“Bnei dodim” means “cousins,” but not of the kissing kind when used by Jewish Israelis to refer to Arabs.
Using “bnei dodim” as a slang term goes back to the early waves of Jewish immigration, if not earlier. Possibly coined as something of a euphemism, it has long been used in the pejorative sense and almost strictly in the third person, or as a way around calling Arabs, well, Arabs.
It is based on the premise that both nations share lines of ancestry going back to Abraham - Arabs through his son Ishmael and Jews through Isaac.
Sometimes used in reference to Arabs throughout the Middle East, the term in this context tends to more usually to refer to the local Arab population, in part or in its entirety.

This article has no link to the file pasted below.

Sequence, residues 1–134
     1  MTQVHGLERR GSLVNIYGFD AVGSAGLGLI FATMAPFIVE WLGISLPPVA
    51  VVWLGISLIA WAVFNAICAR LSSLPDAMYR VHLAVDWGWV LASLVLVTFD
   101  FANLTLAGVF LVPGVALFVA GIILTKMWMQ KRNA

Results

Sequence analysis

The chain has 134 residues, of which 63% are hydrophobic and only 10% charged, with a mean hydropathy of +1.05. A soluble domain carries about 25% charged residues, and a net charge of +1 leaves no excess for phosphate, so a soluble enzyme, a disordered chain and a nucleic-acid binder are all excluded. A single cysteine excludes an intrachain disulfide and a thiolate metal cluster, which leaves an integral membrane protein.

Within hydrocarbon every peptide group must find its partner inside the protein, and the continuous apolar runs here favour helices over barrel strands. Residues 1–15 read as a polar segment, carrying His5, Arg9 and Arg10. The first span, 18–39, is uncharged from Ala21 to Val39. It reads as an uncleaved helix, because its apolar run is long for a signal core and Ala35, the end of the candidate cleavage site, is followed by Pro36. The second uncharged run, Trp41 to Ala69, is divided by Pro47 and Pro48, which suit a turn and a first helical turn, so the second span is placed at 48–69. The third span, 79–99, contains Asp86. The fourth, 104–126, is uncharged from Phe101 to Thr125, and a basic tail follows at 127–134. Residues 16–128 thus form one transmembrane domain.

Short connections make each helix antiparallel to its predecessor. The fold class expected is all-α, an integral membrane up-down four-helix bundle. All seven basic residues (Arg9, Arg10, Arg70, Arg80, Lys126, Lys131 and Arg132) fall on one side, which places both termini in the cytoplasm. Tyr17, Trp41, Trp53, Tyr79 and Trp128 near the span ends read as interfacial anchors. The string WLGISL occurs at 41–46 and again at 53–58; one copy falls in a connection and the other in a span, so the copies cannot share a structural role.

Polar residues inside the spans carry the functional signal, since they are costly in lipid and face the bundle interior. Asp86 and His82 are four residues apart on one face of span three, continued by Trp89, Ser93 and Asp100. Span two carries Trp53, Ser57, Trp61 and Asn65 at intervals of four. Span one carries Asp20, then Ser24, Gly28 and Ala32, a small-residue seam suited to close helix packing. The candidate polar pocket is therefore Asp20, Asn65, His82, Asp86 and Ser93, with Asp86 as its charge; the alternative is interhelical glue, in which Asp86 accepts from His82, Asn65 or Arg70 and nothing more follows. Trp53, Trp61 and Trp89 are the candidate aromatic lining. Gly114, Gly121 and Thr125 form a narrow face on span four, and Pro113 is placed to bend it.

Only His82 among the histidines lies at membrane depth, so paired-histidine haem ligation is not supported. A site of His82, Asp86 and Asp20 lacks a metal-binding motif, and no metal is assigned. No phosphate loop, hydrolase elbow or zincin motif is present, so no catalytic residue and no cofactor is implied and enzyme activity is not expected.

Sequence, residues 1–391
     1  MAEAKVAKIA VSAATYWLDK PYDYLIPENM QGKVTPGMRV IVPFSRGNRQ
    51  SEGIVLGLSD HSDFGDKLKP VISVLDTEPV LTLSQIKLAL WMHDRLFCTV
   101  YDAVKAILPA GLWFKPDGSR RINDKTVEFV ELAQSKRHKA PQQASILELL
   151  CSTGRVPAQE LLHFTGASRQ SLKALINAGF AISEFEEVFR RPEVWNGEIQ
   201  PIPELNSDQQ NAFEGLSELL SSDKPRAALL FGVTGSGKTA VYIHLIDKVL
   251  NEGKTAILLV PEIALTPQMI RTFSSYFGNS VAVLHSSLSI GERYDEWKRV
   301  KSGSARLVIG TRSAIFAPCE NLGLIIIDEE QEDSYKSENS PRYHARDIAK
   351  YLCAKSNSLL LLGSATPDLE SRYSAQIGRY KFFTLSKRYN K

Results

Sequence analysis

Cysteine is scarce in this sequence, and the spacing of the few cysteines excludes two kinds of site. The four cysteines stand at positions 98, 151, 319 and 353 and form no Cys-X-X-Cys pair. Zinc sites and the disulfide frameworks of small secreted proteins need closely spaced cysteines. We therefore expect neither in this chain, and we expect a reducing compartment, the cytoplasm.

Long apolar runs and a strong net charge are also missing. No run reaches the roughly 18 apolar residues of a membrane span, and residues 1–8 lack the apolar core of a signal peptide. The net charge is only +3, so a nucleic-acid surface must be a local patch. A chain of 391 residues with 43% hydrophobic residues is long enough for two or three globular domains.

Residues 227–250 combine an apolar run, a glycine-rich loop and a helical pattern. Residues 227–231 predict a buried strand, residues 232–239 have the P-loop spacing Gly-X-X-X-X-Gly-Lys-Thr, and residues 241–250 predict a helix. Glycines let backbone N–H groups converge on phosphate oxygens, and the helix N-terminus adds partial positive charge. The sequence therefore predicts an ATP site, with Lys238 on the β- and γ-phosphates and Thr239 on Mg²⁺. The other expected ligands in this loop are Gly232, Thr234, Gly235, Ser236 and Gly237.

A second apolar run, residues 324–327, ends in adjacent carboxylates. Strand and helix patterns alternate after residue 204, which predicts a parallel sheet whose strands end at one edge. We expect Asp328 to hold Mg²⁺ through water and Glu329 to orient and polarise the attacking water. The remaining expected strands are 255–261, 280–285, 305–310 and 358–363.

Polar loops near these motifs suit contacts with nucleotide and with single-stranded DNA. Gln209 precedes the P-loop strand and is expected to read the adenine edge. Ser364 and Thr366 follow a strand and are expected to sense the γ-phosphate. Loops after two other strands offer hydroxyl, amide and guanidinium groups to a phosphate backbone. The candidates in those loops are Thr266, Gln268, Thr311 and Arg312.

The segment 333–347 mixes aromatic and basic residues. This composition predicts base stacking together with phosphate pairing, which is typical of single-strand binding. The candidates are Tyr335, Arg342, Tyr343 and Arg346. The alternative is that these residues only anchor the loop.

When addressing mixed audiences, leaders and politicians like to point out the shared blood ties between the two peoples. But referring to one another as “cousins” invariably lacks political correctness.
Shoshana Kordova is on leave. For previous Word of the Day columns, go to: www.haaretz.com/news/features/word-of-the-day.
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